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Suffolk, United Kingdom

de Vries A.,Animal Health Trust | Taylor P.M.,Taylor Monroe
Veterinary Anaesthesia and Analgesia | Year: 2015

Objective: To compare intravenous (IV) midazolam and diazepam administered with ketamine for induction of anaesthesia in ponies, already sedated with detomidine, undergoing field castration. Study design: Prospective, randomised, 'blinded', clinical study. Animals: Twenty Welsh pony yearlings. Methods: After IV injection of detomidine (20 μg kg-1) and phenylbutazone (4.4 mg kg-1) ponies were allocated to receive either IV midazolam (group M) or diazepam (group D) (both 0.06 mg kg-1) with ketamine (2.2 mg kg-1) for induction of anaesthesia. Using simple descriptive scales, quality of sedation, induction, endotracheal intubation, surgical conditions and recovery were scored by observers blinded to treatment. Time from sedation to induction of anaesthesia, IV injection to lateral recumbency, induction to start of surgery, induction to first head lift and to standing, and total surgical time were measured. Cardiorespiratory function was assessed every 5 minutes. Time, number and total quantity of additional IV ketamine as well as any adverse effects were documented. Data were tested for normality and analysed using two-way anova with Bonferroni post hoc tests, unpaired t-tests and Mann-Whitney U tests as appropriate. Significance was set at p < 0.05. Results: There were no significant group differences in any of the measured variables except bodyweight (mean ± SD: group M 163 ± 12 kg; group D 150 ± 7 kg; p = 0.01). One pony in group M required ketamine 15 minutes after induction of anaesthesia. Surgical conditions were good in all cases; time from induction to standing was 50 ± 11 minutes in group M and 48 ± 12 minutes in group D. There were no adverse effects. Recoveries were uneventful with minimal ataxia. Conclusions and clinical relevance: Midazolam and diazepam at 0.06 mg kg-1 can be used interchangeably in combination with ketamine for IV induction of short term anaesthesia in ponies. © 2014 Association of Veterinary Anaesthetists and the American College of Veterinary Anesthesia and Analgesia.

Animal Health Trust | Date: 2013-05-24

The invention relates to the use of the TTC8 gene as a biomarker for the prognosis of a canine mammal developing progressive retinal atrophy. The invention also relates to in vitro methods of prognosing progressive retinal atrophy in a canine mammal by detecting a genetic variation within the TTC8 gene and to primers and prognostic kits for use in said method.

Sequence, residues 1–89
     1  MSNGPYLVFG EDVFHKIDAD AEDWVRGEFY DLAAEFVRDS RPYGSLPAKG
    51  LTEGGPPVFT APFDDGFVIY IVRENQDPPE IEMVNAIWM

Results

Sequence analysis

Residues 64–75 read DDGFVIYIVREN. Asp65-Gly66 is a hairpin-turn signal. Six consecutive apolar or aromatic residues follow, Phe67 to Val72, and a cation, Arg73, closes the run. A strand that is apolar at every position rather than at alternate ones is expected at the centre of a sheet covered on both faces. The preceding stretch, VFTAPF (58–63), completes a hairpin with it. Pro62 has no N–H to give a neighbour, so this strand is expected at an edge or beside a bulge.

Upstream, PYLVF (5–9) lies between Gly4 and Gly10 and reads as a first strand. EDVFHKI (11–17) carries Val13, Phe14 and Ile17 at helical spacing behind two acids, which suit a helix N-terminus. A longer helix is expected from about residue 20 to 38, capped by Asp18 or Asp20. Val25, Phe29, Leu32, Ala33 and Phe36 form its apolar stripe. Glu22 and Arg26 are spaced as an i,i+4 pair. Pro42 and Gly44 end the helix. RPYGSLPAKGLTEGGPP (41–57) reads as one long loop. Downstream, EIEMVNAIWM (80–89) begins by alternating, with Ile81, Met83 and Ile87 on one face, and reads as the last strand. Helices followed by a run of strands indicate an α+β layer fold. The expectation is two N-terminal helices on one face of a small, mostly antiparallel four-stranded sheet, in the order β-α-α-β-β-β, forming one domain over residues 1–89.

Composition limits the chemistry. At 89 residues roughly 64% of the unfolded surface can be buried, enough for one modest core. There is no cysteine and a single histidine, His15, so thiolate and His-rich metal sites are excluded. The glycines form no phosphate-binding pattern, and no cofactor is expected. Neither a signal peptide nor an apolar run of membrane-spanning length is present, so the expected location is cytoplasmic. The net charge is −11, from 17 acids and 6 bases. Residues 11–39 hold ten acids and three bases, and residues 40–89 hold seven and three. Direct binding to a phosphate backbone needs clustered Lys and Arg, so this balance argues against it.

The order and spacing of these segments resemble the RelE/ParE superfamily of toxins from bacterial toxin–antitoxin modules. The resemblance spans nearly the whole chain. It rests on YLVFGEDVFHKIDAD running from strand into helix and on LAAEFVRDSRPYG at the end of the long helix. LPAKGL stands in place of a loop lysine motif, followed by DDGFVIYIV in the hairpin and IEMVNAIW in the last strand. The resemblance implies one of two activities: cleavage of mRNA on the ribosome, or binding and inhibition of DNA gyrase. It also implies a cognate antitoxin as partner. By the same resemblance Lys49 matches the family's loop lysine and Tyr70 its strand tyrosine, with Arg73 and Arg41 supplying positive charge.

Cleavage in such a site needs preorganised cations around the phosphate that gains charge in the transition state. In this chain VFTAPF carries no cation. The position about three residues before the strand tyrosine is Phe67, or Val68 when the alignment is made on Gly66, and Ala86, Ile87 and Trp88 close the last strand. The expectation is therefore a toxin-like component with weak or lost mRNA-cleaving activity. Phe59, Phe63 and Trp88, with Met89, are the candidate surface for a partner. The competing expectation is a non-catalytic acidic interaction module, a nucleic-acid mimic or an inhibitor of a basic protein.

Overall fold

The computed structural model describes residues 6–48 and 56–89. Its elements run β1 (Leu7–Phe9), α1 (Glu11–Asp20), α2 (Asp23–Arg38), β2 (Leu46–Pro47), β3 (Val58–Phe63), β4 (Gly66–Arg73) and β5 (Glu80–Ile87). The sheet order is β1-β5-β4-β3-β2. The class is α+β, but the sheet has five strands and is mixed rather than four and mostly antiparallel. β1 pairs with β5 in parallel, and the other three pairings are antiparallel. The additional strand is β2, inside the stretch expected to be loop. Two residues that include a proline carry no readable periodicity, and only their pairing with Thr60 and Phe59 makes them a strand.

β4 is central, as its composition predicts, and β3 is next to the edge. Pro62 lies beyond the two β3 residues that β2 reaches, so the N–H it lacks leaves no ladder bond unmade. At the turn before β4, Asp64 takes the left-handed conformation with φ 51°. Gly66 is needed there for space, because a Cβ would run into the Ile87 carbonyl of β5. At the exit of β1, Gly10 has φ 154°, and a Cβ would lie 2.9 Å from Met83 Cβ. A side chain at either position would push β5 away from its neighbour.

The invention relates to a method for detecting the presence or absence of a bacterial pathogen in a biological sample obtained from a human or animal subject, using an internal control. In particular, the invention relates to a method for detecting the presence or absence of

The Broad Institute Inc., Trustees Of Tufts College and Animal Health Trust | Date: 2014-03-13

Provided herein are methods and compositions for identifying subjects, including canine subjects, as having an elevated risk of developing cancer or having an undiagnosed cancer. These subjects are identified based on the presence of germ-line risk markers.

Agency: Cordis | Branch: FP7 | Program: CSA-CA | Phase: KBBE.2010.1.3-05 | Award Amount: 1.21M | Year: 2010

This European surveillance network for influenza in pigs (ESNIP) 3 will maintain and expand surveillance networks established during previous EC concerted actions (ESNIP 1, QLK2-CT-2000-01636; ESNIP 2, SSPE-022749). Three work packages (WP 2, 3, 4) aim to increase the knowledge of the epidemiology and evolution of swine influenza (SI) virus (SIV) in European pigs through organised field surveillance programmes (WP2). Virus strains detected in these programmes will be subjected to detailed characterisation both antigenically (WP3) and genetically (WP4) using standardised methodology. Specifically this will involve timely information on genomic data and generation of antigenic maps using the latest technology. These analyses will provide significant and timely added value to knowledge of SIV. A strong focus will be monitoring spread and independent evolution of pandemic H1N1 2009 virus in pigs. All these data will in turn be used to improve the diagnosis of SI by updating the reagents used in the recommended techniques (WP2). The virus bank and electronic database that were established during ESNIPs 1 and 2 will also be expanded and formally curated with relevant SIV isolates and information for global dissemination within and outwith the consortium (WP5). ESNIP 3 represents the only organised surveillance network for influenza in pigs and seeks to strengthen formal interactions with human and avian surveillance networks previously established in ESNIP 2. A timely and transparent interaction with these networks will be a key output. These approaches are entirely consistent with improved pandemic preparedness and planning for human influenza whilst providing an evidence base for decisions in relation to veterinary health. The project consortium consists of 24 participants, which contribute a blend of different specialisms and skills ensuring multi-disciplinary cutting-edge outputs. The vast majority of the partners are actively working with SIV including in a field setting. Twenty-one participants are from 11 EU member states, seven of which were actively involved in ESNIP 2. Co-operation with partners in China and North America will continue to promote a greater understanding of the epidemiology of SIVs at a global level.

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